Many young Norwegians find it hard to belive that women risked imprisonment for abortions right up until 1975. This exhibition displays the changes in the legal system, from Christian V's law of 1687. The personal stories of individual women gives an insight into the human aspect, as well as the legal.
"Silenced. The history of abortion in Norway" ("Fortiet. Aborthistorien") was produced by the Women's Museum and opened in 2004. The texts in the web exhibition were all written during the production.
Unwanted pregnancies have been the source of much unhappiness. This was what made some pioneers, Katti Anker Møller being the most famous, begin the struggle for legalized abortions, as well as attempting to inform the people about contraception and family planning.
The struggle has been long and hard. Those in favour of legalizing abortion met a lot of opposition. The abortion debate touches the really tricky ethical questions, questions of life and death, and not only from a religious perspective. Abortion has traditionally been a theme one wasn't supposed to talk about. And isn't it still, to a certain extent? With this exhibition, the Women's Museum wants to contribute to breaking this tradition.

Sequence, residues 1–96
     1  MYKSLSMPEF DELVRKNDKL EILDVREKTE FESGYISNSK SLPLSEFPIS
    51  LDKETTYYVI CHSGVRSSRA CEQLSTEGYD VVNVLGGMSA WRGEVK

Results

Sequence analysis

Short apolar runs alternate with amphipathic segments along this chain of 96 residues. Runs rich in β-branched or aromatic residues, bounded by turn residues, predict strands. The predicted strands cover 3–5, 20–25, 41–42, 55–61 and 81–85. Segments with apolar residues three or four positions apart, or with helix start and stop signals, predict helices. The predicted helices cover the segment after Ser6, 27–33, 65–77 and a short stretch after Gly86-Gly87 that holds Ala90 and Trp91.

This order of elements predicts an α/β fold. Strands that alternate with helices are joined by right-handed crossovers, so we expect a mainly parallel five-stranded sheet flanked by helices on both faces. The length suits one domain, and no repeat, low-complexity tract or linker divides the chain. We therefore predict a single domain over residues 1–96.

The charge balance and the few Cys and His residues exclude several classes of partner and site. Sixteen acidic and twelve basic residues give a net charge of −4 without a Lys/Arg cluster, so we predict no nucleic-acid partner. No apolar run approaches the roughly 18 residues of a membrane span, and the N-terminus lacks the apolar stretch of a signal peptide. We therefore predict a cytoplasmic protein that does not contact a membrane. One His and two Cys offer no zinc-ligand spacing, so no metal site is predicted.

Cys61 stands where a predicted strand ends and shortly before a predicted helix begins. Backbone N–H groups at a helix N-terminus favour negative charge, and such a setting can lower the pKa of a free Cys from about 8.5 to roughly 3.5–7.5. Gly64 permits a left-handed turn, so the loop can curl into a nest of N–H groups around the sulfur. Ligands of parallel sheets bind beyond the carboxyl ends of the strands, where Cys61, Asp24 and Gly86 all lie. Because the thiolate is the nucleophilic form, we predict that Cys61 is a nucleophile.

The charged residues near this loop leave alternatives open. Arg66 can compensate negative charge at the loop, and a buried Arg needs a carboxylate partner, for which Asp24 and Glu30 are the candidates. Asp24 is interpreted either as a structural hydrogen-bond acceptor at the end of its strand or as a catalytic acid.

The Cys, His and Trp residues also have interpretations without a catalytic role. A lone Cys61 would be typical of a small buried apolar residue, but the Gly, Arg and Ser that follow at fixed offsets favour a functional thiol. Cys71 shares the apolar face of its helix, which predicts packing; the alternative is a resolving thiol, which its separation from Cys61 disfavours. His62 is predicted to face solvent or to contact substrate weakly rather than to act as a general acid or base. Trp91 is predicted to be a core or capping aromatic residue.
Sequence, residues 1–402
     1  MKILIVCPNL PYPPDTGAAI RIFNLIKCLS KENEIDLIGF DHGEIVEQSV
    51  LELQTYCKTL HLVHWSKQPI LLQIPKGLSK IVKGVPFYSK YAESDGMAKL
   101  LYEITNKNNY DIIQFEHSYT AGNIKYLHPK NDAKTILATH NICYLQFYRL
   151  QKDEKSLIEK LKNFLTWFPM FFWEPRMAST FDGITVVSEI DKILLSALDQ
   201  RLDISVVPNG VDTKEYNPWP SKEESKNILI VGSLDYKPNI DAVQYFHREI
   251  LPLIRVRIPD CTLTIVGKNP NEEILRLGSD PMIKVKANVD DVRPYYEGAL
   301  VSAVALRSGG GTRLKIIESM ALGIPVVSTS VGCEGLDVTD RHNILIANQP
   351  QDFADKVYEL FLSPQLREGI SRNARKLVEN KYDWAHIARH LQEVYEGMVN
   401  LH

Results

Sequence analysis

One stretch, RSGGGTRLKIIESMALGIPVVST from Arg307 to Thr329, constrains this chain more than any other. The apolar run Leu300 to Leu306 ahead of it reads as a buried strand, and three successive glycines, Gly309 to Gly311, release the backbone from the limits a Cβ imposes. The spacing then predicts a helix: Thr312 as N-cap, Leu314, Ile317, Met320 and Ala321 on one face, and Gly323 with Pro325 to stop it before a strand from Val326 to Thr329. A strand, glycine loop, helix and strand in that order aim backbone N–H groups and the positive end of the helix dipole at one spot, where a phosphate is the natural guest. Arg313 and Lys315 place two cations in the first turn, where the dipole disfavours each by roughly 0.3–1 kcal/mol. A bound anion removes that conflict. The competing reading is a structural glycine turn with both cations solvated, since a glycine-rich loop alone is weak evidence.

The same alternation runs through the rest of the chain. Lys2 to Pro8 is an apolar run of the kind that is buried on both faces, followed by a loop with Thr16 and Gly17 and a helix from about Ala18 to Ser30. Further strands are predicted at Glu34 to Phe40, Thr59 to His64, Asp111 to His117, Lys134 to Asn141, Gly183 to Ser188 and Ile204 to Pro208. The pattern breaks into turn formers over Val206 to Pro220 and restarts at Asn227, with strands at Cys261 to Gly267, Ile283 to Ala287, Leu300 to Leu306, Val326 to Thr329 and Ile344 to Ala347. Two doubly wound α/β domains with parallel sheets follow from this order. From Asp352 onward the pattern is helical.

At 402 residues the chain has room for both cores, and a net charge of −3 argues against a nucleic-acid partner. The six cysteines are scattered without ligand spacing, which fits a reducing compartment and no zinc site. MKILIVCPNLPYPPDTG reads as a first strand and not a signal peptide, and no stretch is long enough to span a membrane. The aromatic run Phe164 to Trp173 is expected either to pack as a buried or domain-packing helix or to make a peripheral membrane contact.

In pre-Christian times, children were sometimes left out in the woods to die, but with the introduction of Christianity, such practices were made illegal. Abortion was then the only option, and women turned to herbalism and magic formulas. Archbishop Pål Bårdsson's law against abortion was introduced in Norway around 1340. Our story starts with the abortion law from 1687.